Food Grade Diatomaceous Earth

Diatomaceous Earth is something I have used to good effect when treating my coops for mites. Diatomaceous Earth is made of crushed fossilized remains that are tiny particles with very sharp edges (albeit at a microscopic level). The Diatomaceous Earth cuts and dehydrates the mites, killing them off surprisingly quickly.

I spread the Diatomaceous Earth all around the coop, taking care to make sure it covers every crack that mites could be hiding in. Really take your time so no part of the coop is left free of the Diatomaceous Earth.

Do take care when using Diatomaceous Earth and be sure to wear a mask so you don’t inhale any yourself.

Once I have dusted the entire coop, I leave it for a few hours before sweeping as much of the Diatomaceous Earth out of the coop as I can.

Herbs

There are many organic gardeners that swear by herbs to rid a chicken coop of mites. I have had mixed success over the years using herbs.

French Marigolds are well known to deter many pests around the garden, and mites seem to be put off by the strong smell of the marigolds. Dried pennyworth and peppermint are also both said to deter mites. These herbs are best dried, ground up, and then spread around the coop as well as in the chickens’ dust bath.

Wood Ash

Wood ash is another great, organic way to rid your chickens of mites. Unlike the Diatomaceous Earth, you don’t spread the ash around the coop, but rather provide a large bowl of it for your chickens to dust bathe in.

The chickens will cover themselves in the wood ash which will deter the mites from crawling on them and biting them.

The ash must be pure wood ash, not from treated wood, and must be totally dry. Ash that is damp can be caustic to chickens and may burn their skin.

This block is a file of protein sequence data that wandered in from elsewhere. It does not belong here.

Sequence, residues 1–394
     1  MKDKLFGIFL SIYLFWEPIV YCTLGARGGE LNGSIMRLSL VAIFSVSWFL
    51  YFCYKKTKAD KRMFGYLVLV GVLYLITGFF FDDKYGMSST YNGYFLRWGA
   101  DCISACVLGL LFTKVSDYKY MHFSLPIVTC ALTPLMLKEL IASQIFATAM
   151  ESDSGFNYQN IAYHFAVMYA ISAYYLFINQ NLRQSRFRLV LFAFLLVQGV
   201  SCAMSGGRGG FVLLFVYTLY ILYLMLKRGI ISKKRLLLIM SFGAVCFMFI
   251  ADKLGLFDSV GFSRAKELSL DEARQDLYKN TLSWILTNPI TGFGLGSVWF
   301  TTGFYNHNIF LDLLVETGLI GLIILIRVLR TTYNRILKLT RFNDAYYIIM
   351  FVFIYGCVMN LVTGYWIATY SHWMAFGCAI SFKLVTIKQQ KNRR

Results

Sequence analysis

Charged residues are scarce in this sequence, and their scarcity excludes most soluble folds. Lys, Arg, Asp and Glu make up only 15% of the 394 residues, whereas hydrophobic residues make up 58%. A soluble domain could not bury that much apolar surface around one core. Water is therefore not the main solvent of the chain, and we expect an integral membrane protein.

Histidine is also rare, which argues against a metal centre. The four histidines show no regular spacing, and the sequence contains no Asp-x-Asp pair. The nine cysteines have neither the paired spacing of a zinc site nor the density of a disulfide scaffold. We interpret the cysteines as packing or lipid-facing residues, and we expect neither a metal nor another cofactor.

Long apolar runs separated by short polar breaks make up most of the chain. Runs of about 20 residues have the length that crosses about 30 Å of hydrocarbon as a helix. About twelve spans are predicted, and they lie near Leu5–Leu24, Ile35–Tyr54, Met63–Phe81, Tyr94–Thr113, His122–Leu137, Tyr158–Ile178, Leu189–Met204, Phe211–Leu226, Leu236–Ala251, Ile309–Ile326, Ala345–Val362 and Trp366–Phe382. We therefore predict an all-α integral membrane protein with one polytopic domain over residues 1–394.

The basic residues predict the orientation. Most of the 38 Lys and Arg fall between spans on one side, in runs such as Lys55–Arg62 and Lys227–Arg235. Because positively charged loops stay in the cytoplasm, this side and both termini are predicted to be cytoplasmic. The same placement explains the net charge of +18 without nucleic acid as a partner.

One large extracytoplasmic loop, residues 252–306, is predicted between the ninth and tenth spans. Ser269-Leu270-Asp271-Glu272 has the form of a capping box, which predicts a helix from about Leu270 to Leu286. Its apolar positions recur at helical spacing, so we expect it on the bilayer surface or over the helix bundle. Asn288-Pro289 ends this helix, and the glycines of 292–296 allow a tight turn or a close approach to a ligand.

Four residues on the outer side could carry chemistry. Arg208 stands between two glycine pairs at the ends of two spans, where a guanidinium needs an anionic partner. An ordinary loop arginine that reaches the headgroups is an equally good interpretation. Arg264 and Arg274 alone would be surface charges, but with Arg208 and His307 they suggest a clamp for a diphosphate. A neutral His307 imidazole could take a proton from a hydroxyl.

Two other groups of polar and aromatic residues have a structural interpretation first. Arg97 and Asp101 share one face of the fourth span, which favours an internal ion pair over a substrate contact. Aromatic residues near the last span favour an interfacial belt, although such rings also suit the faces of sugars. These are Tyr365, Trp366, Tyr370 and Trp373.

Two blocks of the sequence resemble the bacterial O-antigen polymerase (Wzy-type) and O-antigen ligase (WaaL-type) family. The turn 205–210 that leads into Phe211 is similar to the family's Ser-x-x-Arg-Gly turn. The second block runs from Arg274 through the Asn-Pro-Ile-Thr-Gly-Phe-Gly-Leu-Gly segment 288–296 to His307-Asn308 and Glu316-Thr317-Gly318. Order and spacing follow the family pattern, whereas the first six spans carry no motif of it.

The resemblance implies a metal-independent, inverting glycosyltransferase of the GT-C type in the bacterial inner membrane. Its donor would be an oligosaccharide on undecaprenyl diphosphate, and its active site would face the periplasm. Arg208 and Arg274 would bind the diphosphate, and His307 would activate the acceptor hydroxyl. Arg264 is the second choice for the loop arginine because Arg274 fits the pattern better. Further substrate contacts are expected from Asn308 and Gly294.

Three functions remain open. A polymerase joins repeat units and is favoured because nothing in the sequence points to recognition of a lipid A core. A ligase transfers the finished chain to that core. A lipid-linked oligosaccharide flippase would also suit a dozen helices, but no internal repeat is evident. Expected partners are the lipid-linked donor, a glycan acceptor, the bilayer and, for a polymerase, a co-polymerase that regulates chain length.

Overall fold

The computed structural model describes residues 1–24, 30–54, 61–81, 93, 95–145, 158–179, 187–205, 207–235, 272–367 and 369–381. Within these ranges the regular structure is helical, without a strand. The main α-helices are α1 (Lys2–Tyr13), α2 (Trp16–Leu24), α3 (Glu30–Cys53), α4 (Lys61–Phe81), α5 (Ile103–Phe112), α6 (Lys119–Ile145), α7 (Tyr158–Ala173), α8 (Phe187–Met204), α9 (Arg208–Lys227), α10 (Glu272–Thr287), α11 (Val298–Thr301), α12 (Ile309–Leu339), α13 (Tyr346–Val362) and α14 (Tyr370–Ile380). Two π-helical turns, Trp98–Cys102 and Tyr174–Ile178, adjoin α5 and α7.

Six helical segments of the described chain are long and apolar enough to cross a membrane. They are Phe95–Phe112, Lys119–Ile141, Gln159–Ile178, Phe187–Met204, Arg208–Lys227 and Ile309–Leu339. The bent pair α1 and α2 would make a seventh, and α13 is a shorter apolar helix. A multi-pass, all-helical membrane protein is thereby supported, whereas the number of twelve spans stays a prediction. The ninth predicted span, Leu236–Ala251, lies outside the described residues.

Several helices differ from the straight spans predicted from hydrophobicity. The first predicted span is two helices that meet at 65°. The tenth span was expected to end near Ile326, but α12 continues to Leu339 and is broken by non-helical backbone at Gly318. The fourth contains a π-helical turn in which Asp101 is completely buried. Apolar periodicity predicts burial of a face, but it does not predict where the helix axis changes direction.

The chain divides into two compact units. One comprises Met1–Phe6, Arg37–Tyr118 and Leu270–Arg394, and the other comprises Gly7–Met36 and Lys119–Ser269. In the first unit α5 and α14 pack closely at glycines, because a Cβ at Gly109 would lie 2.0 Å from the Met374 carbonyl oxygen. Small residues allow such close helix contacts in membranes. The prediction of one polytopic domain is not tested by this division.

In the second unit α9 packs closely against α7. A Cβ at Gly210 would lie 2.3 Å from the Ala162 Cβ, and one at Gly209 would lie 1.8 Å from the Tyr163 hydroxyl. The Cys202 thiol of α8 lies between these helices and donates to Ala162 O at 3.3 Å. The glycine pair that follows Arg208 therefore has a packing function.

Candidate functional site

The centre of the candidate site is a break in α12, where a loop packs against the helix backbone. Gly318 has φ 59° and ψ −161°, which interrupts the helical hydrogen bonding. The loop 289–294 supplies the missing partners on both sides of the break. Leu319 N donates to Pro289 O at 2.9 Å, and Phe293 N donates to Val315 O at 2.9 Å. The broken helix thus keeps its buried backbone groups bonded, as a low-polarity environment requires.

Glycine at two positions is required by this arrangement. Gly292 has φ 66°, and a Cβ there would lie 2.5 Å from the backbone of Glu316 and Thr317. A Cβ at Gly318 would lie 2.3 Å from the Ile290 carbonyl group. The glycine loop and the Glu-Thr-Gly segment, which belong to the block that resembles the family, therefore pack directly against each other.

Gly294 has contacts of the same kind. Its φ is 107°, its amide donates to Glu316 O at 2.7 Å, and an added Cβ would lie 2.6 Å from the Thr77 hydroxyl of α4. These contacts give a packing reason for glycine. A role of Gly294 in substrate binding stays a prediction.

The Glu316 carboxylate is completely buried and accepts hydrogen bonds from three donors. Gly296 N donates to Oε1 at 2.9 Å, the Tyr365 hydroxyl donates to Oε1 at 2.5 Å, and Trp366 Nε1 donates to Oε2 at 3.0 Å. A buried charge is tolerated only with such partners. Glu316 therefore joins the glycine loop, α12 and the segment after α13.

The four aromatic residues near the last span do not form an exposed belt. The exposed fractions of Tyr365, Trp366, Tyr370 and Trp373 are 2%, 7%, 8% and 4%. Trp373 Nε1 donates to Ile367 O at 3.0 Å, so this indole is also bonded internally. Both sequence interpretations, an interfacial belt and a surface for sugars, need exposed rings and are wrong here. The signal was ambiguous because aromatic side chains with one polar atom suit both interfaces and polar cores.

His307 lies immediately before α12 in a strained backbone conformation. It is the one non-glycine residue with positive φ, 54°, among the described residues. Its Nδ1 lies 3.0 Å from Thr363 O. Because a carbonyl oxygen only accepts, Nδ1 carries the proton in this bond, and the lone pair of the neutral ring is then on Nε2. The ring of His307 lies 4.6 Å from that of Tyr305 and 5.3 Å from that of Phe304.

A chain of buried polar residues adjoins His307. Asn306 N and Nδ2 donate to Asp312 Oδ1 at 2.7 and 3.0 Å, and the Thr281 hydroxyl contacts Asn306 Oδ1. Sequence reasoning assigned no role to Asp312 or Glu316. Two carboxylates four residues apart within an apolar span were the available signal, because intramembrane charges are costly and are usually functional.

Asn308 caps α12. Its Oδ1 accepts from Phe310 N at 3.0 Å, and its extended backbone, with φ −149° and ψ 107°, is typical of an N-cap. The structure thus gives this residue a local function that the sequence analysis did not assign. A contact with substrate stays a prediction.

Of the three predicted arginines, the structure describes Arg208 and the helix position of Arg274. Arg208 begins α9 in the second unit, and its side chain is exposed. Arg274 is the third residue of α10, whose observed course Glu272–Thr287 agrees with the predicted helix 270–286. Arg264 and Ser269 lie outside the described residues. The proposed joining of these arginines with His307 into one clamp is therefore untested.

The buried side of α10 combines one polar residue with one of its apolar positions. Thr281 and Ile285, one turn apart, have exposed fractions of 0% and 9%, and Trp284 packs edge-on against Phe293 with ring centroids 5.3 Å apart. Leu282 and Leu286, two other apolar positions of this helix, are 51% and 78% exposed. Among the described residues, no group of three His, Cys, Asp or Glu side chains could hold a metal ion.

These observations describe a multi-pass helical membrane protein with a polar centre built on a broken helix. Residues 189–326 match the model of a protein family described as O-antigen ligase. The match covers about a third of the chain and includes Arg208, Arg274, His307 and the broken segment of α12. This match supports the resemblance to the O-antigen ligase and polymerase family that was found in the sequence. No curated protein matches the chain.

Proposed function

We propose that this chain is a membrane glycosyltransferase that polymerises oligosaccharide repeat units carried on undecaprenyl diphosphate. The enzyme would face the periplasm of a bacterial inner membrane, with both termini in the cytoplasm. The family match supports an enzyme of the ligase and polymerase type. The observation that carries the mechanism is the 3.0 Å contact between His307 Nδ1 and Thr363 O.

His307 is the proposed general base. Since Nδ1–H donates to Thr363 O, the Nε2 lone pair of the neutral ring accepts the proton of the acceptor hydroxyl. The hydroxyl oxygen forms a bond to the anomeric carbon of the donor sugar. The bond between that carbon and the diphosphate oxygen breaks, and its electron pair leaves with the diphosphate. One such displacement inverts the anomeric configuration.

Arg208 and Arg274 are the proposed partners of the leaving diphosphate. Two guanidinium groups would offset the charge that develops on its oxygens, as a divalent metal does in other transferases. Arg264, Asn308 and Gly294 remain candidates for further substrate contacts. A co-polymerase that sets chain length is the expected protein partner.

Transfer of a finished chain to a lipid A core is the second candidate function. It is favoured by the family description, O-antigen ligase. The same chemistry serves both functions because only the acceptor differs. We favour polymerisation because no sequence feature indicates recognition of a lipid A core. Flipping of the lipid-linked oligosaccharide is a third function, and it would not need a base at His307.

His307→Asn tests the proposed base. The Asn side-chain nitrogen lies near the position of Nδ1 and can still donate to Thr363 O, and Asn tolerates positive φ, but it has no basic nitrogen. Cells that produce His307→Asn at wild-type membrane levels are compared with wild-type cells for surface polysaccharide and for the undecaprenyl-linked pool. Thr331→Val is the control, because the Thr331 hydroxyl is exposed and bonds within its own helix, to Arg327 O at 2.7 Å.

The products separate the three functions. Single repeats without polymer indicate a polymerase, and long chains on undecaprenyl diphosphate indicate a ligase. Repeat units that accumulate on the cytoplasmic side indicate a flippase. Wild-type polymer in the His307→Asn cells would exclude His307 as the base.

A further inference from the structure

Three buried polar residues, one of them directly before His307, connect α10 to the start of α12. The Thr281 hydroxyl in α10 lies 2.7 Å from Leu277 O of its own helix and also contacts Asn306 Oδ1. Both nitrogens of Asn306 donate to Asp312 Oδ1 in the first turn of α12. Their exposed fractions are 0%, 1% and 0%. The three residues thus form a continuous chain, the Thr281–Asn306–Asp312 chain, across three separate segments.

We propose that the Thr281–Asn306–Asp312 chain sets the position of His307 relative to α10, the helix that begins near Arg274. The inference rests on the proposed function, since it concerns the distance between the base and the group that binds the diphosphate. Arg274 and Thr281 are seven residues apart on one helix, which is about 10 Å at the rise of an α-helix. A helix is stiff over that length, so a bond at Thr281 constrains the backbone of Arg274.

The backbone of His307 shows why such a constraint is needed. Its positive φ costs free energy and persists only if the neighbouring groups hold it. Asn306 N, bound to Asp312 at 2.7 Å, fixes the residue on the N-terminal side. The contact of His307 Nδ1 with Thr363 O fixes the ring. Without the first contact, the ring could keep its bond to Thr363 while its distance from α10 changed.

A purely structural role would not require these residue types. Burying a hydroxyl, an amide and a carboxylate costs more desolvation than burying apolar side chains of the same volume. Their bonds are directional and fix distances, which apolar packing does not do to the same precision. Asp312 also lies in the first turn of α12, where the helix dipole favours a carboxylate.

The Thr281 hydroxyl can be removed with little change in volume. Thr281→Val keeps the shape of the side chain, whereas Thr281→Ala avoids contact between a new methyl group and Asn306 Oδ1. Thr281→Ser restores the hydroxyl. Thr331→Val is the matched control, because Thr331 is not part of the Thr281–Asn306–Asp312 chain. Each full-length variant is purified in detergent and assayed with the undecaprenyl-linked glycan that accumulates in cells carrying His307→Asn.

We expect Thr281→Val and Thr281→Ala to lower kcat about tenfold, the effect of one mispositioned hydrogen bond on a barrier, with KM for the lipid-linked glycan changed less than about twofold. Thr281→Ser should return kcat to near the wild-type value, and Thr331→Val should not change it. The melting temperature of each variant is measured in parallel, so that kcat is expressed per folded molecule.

Chemical Method

As I say, I am an organic gardener who tries his best to use organic methods whenever and where ever possible. However, mites can be incredibly stubborn, and sometimes you have to resort to chemical means to get rid of them.

Chemical sprays tend to be very effective at riding a chicken coop of mites. I have used Permo Guard Mite Killer Spray (Amazon.com) to great effect. It kills pretty much all mites, including bird mites.

To use this spray I squirt every inch of the coop, inside and out. It seems to do an excellent job.



Other Reasons chickens are awake at night?

If you have checked your chickens and coop thoroughly and you don’t believe mites are the problem, there are one or two other reasons your chickens may be awake at night.

Drafts

Chickens are hardy, but they hate being in a draft. If their coop has lots of holes or cracks, and it is windy out, it is possible that a draft is blowing into the coop, keeping the chickens awake at night.

To rectify this problem, carefully work your way around the coop, filling or covering any gaps or cracks where a draft may be entering the coop. One method is to line the inside of the coop with old pieces of carpet. Unlike plastic, which will cause the chickens to sweat, the carpet will allow the coop to breathe, whilst keeping the drafts out.

Predators

Chickens are vulnerable to predators. If predators like rats or snakes are entering the coop at night, the birds will be disturbed.

Not all predators want to eat the chickens themselves, they may well be searching for eggs or baby chicks. Ensuring your chicken coop is as predator-proof as possible will help your chickens sleep better at night.


In Conclusion

Chickens are diurnal birds. They want to be awake during the day and asleep at night. It is important for their long-term health and well-being that they rest well at night. Chickens that have disturbed sleep night after night may stop laying and can become susceptible to diseases due to the stress of not sleeping.

In my experience, mites are by far the major cause of chickens not sleeping. If you can eliminate mites from your coop, the chances are they will sleep soundly at night.


Aaron Homewood

Aaron Homewood is HomesteadSavvy.com‘s poultry editor. Arron has spent over 20 years keeping, breeding, and showing different poultry breeds, including chickens, ducks, geese, and quail.​